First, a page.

Quasi Book Review on ‘Outliers’ and East Asian Math Skills

A guy from one of my marketing classes loaned me this book some time ago, before I started reading about HBD.

Malcolm Gladwell is the author of his much more popular and better book, The Tipping Point, which spawned something of a cottage industry in viral marketing firms and social media gurus.  

In Outliers Gladwell explores the factors that shape remarkably successful people – those who have widely deviated above the norm of human achievement.

Unfortunatley, nothing concrete is offered between loosely connected, albeit well written and interesting chapters on:

– Why Bill Gates was not just ‘any’ middle class geek who managed to become the world’s richest man

– Why high IQ does not correlate with success

– Koreans made for bad commercial pilots

– NHL players are disproportionately likely to be born in certain months

It was the chapter ‘Rice Paddies and Math Tests’ which most piqued my interest. Gladwell provides the usual evidence on Asian math dominance, and provides 2 novel causes:

1) The structure of Asian languages and numbering systems, compared to Western ones – read this part from a chapter excerpt here. No mention of African language structures though.

Take a look at the following list of numbers: 4,8,5,3,9,7,6. Read them out loud to yourself. Now look away, and spend twenty seconds memorizing that sequence before saying them out loud again.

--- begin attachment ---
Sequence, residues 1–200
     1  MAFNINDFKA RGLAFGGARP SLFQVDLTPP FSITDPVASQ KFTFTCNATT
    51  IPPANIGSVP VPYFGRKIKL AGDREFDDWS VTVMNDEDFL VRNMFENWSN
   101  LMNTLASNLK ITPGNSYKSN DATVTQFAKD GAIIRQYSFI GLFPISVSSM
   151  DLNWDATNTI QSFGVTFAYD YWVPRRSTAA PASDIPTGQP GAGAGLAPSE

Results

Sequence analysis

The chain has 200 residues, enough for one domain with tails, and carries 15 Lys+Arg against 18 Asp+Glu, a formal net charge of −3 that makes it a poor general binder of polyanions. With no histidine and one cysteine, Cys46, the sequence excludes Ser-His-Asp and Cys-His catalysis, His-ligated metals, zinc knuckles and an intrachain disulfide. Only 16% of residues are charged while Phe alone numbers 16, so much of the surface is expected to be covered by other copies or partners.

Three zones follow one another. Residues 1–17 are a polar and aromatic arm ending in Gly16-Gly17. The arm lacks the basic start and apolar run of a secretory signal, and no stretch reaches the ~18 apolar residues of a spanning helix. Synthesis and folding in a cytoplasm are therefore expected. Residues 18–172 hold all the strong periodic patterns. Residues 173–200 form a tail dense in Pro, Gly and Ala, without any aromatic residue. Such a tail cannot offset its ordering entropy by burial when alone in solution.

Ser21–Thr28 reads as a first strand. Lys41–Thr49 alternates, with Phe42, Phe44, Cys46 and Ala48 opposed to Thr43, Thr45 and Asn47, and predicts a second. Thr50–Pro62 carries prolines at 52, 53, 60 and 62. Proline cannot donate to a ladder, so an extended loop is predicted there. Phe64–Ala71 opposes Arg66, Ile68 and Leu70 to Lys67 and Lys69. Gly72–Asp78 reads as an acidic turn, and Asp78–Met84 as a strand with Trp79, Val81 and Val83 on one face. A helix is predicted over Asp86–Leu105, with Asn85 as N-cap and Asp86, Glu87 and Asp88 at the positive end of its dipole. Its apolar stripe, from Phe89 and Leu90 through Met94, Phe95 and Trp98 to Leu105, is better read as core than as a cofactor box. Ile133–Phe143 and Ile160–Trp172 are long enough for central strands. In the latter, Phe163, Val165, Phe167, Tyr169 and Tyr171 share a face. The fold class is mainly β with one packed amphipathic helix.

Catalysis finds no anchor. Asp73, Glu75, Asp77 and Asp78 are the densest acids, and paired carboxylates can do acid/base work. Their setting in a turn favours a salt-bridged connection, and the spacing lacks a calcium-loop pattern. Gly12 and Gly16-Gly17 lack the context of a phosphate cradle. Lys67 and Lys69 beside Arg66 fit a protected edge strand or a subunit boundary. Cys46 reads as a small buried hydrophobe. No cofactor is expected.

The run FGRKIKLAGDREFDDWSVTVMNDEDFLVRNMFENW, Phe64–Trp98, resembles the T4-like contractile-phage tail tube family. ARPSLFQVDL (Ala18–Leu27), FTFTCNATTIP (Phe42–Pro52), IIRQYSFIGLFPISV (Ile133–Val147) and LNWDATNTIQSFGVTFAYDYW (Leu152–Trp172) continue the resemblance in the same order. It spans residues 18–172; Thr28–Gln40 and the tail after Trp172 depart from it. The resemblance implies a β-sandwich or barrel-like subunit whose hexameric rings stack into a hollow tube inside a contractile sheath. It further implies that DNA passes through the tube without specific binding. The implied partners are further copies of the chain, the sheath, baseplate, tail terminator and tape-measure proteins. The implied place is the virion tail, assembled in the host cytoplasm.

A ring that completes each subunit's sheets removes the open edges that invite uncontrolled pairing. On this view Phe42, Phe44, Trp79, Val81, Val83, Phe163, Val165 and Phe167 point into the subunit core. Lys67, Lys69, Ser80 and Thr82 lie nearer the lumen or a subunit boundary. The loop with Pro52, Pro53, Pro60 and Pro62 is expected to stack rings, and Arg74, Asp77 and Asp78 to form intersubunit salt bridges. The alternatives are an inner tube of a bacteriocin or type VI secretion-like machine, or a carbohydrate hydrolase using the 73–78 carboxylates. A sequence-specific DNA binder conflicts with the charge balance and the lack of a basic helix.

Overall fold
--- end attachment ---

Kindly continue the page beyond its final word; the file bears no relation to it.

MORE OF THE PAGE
If you speak English, you have about a 50 percent chance of remembering that sequence perfectly If you’re Chinese, though, you’re almost certain to get it right every time. Why is that? Because as human beings we store digits in a memory loop that runs for about two seconds. We most easily memorize whatever we can say or read within that two second span. And Chinese speakers get that list of numbers—4,8,5,3,9,7,6—right every time because—unlike English speakers—their language allows them to fit all those seven numbers into two seconds.

2) Rice paddy agricultural systems used in East Asia that necessitated a culture of attention to detail, complex  rule/process following, structural problem solving and persistence. These are the qualities required to excel in math and logical-type endevours such as computers and engineering.

Interestingly, Gladwell suggests a hereditary link with these culturally acquired skills to mathemateical success. He cites one study where  participants were asked to solve a logical pattern problem. Second generation Asian Americans, without any prior math-oriented backgrounds, outperformed because they were willing to spend longer time on the problem before giving up and deciding it was impossible.

 

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  1. Viewer

    Here’s my comment regarding this from Amazon:

    Gladwell seems totally unaware of twin & adoption studies showing the degree to which behavioural traits, including intelligence, are largely hereditary.

    In terms of Asian Math success he notes:

    “Rice farming lays out a cultural pattern that works beautifully when it comes to math…Rice farming is the most labor-intensive form of agriculture known to man. It is also the most cognitively demanding form of agriculture”